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DaimlerChrysler Chairman Jürgen Schrempp Defends Globalization as an Opportunity (July 2, 1999)

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3. Globalization does not mean lowering social standards but rather increasing worldwide prosperity.

It is often claimed that global competition leads to job cuts and social dumping. But the figures say the opposite. Since 1970, employment in the OECD countries increased by an average of 37 percent. In other words: the industrial countries have been able to create 110 million new jobs since 1970.

Globalization does not mean a withdrawal from Germany but rather investments in new markets that also secure jobs for us at home. At DaimlerChrysler, for every three new jobs created abroad, one new job is created in Germany.

[ . . . ]

At the same time, globalization does not mean irresponsible short-term investment decisions. We invest with a long-term strategy. That is why global corporations did not leave the crisis-laden regions of Eastern Europe, Southeast Asia, South America, or Africa, but instead persisted in opening plants and launching new products. In the crisis year of 1998, there were direct investments in foreign companies in developing and threshold countries to the tune of 155 billion US dollars – this was only barely (five percent) below the high level of the previous year. Anyone who knows how sharply domestic investments plummet in countries in crisis can appreciate the stabilizing influence that foreign companies exercise as reliable partners.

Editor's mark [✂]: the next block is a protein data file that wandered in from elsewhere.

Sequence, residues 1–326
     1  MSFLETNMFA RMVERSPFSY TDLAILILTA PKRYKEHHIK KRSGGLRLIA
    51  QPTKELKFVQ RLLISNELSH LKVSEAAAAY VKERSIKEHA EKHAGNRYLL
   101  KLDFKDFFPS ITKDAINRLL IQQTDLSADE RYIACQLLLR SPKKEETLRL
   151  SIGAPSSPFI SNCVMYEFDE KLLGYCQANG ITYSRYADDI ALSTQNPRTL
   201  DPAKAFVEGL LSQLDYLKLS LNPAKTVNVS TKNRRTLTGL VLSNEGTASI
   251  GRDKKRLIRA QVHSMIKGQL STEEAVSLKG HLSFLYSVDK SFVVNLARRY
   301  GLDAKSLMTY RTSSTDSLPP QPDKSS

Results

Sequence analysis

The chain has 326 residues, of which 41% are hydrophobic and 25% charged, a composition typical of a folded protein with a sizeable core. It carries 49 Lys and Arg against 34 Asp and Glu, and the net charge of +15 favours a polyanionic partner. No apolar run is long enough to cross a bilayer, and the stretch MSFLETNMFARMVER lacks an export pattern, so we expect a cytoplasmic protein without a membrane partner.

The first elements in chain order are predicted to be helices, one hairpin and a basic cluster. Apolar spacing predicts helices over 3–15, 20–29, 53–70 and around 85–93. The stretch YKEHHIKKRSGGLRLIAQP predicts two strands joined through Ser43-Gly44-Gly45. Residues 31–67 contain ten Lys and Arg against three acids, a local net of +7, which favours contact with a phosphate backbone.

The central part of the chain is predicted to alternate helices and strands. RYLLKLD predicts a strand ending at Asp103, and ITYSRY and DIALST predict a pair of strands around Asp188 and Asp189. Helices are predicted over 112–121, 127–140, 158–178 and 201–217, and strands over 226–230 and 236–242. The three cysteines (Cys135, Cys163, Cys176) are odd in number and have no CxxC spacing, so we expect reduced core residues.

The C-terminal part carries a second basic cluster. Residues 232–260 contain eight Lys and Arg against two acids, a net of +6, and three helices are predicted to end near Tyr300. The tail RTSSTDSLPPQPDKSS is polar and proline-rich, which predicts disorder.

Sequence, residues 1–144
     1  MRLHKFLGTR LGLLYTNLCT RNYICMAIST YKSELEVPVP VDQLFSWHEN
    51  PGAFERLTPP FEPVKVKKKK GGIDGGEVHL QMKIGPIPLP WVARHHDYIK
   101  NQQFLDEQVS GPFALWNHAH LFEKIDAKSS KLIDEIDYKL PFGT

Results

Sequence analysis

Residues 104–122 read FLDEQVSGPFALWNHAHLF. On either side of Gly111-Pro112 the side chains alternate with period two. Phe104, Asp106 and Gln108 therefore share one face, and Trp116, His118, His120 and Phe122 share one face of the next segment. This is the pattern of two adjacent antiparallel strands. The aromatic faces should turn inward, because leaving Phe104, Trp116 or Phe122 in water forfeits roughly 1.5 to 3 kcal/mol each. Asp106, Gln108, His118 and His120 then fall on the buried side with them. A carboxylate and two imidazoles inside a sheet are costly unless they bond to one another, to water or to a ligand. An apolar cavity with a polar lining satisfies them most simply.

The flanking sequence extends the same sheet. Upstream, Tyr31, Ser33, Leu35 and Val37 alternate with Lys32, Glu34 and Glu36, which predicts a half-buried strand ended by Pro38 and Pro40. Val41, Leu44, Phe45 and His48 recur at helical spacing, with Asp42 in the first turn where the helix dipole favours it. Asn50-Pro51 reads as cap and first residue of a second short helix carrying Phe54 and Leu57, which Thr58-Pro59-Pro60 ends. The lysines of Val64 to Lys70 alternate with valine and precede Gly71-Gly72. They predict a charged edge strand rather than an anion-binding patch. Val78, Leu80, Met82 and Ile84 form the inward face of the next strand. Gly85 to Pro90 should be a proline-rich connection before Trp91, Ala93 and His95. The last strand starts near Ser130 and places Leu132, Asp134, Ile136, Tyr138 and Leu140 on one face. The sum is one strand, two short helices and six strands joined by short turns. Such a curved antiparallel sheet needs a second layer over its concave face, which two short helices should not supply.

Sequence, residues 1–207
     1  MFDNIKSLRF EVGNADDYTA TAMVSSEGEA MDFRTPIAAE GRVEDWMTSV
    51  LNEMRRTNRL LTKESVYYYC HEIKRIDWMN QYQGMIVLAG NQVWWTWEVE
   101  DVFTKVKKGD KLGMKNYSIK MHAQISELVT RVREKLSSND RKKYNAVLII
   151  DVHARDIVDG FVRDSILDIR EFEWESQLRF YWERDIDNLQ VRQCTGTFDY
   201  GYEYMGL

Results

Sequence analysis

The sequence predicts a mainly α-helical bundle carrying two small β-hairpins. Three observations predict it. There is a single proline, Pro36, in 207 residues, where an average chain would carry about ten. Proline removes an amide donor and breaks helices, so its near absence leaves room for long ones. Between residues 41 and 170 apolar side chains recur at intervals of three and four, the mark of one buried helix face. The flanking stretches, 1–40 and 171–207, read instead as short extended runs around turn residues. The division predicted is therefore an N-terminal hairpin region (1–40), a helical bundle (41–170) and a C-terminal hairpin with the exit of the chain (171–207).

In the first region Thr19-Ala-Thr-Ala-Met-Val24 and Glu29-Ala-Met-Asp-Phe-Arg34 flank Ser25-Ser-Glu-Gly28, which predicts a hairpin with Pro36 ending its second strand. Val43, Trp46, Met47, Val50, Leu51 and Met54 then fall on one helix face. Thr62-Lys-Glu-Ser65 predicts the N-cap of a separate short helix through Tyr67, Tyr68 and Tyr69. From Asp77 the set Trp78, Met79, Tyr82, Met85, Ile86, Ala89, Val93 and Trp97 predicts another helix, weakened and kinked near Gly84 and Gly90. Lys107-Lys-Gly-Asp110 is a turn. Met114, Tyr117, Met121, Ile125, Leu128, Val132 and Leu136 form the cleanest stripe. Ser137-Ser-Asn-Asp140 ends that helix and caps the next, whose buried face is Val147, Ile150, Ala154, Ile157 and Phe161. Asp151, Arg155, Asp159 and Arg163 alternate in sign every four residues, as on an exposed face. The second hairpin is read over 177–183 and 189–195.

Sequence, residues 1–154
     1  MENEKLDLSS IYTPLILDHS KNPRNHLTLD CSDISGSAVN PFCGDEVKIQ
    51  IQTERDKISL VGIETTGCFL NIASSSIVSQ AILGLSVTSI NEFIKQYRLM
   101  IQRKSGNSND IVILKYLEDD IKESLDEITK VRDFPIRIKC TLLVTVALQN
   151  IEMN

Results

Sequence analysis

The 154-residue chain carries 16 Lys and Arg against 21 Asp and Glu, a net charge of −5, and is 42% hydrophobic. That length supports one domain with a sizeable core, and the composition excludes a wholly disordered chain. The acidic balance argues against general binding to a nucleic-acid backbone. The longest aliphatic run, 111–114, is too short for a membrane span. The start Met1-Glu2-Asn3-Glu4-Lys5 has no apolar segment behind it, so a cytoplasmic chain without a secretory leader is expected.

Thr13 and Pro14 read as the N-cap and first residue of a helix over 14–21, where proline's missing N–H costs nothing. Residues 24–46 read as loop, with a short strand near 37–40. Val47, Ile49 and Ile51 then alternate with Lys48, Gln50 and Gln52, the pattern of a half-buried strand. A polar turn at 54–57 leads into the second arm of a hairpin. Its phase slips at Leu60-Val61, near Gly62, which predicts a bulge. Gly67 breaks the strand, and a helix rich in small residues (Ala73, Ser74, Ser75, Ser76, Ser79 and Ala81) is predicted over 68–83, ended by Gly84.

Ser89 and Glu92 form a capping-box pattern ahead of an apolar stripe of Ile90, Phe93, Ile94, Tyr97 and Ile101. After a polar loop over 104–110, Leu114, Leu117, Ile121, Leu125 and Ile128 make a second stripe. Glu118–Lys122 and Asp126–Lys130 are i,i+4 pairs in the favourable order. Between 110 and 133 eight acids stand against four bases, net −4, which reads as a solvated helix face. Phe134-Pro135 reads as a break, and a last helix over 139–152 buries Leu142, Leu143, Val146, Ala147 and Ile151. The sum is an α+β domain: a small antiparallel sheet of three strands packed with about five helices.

4. Worldwide capital markets are not the cause of crises; rather, they are catalysts for transparency, business efficiency, and democratic control.

Nowadays the amount of foreign currency exchanged around the world in a single day is equal to the total value of all world trade in four months. More and more people – including German citizens – are tying their savings and retirement accounts to the success of companies. Institutional investors, such as the California state workers’ retirement fund, have become dominant actors on capital markets. They currently administer roughly 8000 billion US dollars, which is more than one-fourth of the global GNP. Thus, for large companies, global competition and the competition for international capital will be even harsher in the future. And the pressure they face to achieve transparency, efficiency, and profitability will continue to increase.

In return, however, we also need additional stabilizing mechanisms on the finance markets. Better international early warning systems, the transparency of capital flows, risk-appropriate liability regulations, and the promotion of long-term investment horizons are prerequisites for responsible action on these markets.

5. The decisive resource in global market competition is not the limited reserve of raw materials but rather the unlimited reserve of knowledge.

[ . . . ]

Permanent innovation determines whether a company is viable for the future. At DaimlerChrysler, for instance, eighty percent of our profit comes from products that are less than five years old.

But innovation does not come for free. In order to preserve our technological edge in the future, DaimlerChrysler is investing 46 billion Euros over the next three years. Each and every day, 42 million Euros are invested in the future of the corporation and its employees.

The cost of innovation is rising. At the same time, we are witnessing the segmentation of the market into ever smaller niches, and the shortening of product cycles in which investments can be amortized.

The consequence is clear: investments only pay off when products are made and sold in greater numbers. And that means worldwide marketing and opening up new markets. When markets expand, companies have to expand. That is why mergers are an expression of functioning competition.

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